Ostrich strips with broccoli gratin and mint carrot salad.

I dedicate this post to Ovarian Cancer Awareness. Continue reading under the photos.

Ostrich is an extremely healthy meat, loaded in protein and vitamins, low in fat. It is tender and tasty on its own and delicious served with sauces like a mustard sauce or even a sweeter orange sauce. Served with bright green and yellow coloured vegetables like broccoli and carrots, you’ll have a visually appetizing as well as healthy meal.

Ostrich strips with mint carrot salad.

  • 4 pieces of ostrich, cut from the steak, about 3 cm thick.
  • whole peppercorns
  • caraway seeds
  • fleur de sel or kosher salt
  • 3 carrots
  • chopped  fresh mint
  • chopped fresh Italian leaf parsley
  • freshly squeezed lemon juice
  • olive oil and/or coconut oil
  • toasted walnuts
  • broccoli
  • créme frâiche
  • grated cheddar cheese
  1. Peel the carrots and then peel into thin ribbons with the peeler.
  2. Finely chop the mint and parsley, add to the carrots along with the walnuts, lemon juice and olive oil. Mix together lightly.
  3. Steam the broccoli, dry and turn out into a 4 ramekins. Top each with a teaspoon of créme frâiche, sprinkle with cheese and brown under the grill until the cheese has melted. Season with salt and pepper.
  4. Crush the peppercorns and caraway seeds together in a mortar and pestle. Rub some oilve oil onto all sides of the ostrich fillets, cat entirely with the crushed pepper mixture and leave in the fridge for an hour.
  5. Heat some coconut oil or olive oil in a pan, and fry the pieces of ostrich about 4 minutes on each side for a medium rare fillet. Slice each piece into strips, season with fleur de sel/kosher salt and serve immediately with the broccoli gratin and the carrot salad on the side.
  6. Variations on the carrot salad: Instead of ribbons, cut into julienne, grate or cut into thin spaghetti. Substitute walnuts for dry roasted pine nuts. Add a teaspoon of honey to the lemon, olive oil dressing.

Serves 4 people

…just had my monthly facial and pedicure…

O Foods for Ovarian Cancer Awareness Month

September is Ovarian Cancer Awareness Month. In honor of Gina DePalma, author of Dolce Italiano: Desserts from the Babbo Kitchenand Executive Pastry Chef of Babbo Ristorante in NYC, who was recently diagnosed with ovarian cancer, Sara of Ms Adventures in Italy, Jenn of The Leftover Queen, and Michelle of Bleeding Espresso are asking you to donate to the:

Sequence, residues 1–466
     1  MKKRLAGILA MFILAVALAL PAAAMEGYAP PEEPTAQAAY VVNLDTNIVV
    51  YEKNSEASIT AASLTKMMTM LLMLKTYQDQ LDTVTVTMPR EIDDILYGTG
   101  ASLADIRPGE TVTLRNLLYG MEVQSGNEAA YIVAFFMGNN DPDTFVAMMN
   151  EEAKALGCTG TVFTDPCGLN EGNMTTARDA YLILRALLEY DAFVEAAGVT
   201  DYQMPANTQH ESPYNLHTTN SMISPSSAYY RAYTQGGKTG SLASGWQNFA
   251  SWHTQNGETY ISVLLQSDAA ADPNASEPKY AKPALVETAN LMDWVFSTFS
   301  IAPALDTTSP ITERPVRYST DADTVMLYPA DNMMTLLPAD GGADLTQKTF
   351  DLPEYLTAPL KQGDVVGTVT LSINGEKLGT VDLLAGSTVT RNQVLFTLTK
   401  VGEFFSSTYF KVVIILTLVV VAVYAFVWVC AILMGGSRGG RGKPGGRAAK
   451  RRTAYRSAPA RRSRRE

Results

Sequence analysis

Ovarian Cancer Research Fund

From the Ovarian Cancer Research Fund:Ovarian cancer is the leading cause of death from gynecologic cancers in the United States and is the fifth leading cause of cancer death among U.S. women; a woman’s lifetime risk of ovarian cancer is 1 in 67. The American Cancer Society estimates that 21,650 women will be diagnosed with ovarian cancer in the U.S. in 2008 and about 15,520 women will die from the disease.
The symptoms of ovarian cancer are often vague and subtle, making it difficult to diagnose. There is no effective screening test for ovarian cancer but there are tests which can detect ovarian cancer when patients are at high risk or have early symptoms.

In spite of this patients are usually diagnosed in advanced stages and only 45% survive longer than five years. Only 19% of cases are caught before the cancer has spread beyond the ovary to the pelvic region.When ovarian cancer is detected and treated early on, the five-year survival rate is greater than 92%.

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10 responses

  1. I have never had Ostritch meat.
    Few years back my siste rin law went for holiday in S.Africa and she said it was delicious.

    30/09/2008 at 18:02

  2. I’ve never had ostrich either, but I’d certainly try this at your place! Thanks so much for participating :)

    01/10/2008 at 10:41

  3. Pingback: Bleeding Espresso » o foods for ovarian cancer awareness month contest round-up: part I

  4. We have the Ostrich’s cousin here in Oz. probably tasts the same. It is the Emu .Cheers Rosemary

    04/10/2008 at 22:14

  5. Beautiful. I love Ostrich. What a wonderful dish for this event.

    04/10/2008 at 23:35

  6. Thanks for this sobering reminder… And the humour to lighten the load just a little bit… the facial & pedicure!

    Your My French Kitchen photos are so beautiful – mouth watering! Oh – I wish I could live next door to you, Ronell!!

    09/10/2008 at 13:44

  7. I love the composition of that photo, and that fork is beautiful!

    11/10/2008 at 20:39

  8. What a great cause – and a great recipe. I find ostrich can be a bit heavy – it is such a dense meat – but I adore ostrich sausage and mince. Love the carrot salad too!

    27/10/2008 at 13:58

  9. Elwinet

    How to grill the perfect medium ostrich steak.
    I am from Oudtshoorn at work in a Guest House near the ostriches…. see them every day…. said I would never never ever ever eat ostrich fillet and boy I missed a lot.

    You must the the fillet and pour over some basting sauce about half a cpu, only 15 minutes before frying or bbq it. I like to barbeque it and do it like this.

    The coals must be warm to hot. Put the steak on and turn after one minute. then one minute on the other side. then 3 minutes on each sie. This is for a 200gram piece. It will be red and juicy and tastes better that beef steak.

    The fillet will become dry the longer you bbq it.
    Try it and you will love it.

    I also make a mushroom or pepper sauce with it to compliment the taste.
    Thank you

    31/01/2009 at 12:20

  10. я думаю: восхитительно!!

    17/12/2009 at 17:07

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